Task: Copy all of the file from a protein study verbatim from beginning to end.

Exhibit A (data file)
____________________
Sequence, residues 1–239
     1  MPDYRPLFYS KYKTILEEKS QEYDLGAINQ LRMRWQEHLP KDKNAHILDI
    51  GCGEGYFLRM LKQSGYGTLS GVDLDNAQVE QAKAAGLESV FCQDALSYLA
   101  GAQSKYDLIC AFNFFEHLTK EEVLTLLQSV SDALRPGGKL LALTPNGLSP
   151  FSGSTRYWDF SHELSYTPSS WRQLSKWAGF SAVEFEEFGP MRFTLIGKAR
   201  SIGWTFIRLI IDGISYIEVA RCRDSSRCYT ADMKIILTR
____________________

Sequence, residues 1–239
     1  MPDYRPLFYS KYKTILEEKS QEYDLGAINQ LRMRWQEHLP KDKNAHILDI
    51  GCGEGYFLRM LKQSGYGTLS GVDLDNAQVE QAKAAGLESV FCQDALSYLA
   101  GAQSKYDLIC AFNFFEHLTK EEVLTLLQSV SDALRPGGKL LALTPNGLSP
   151  FSGSTRYWDF SHELSYTPSS WRQLSKWAGF SAVEFEEFGP MRFTLIGKAR
   201  SIGWTFIRLI IDGISYIEVA RCRDSSRCYT ADMKIILTR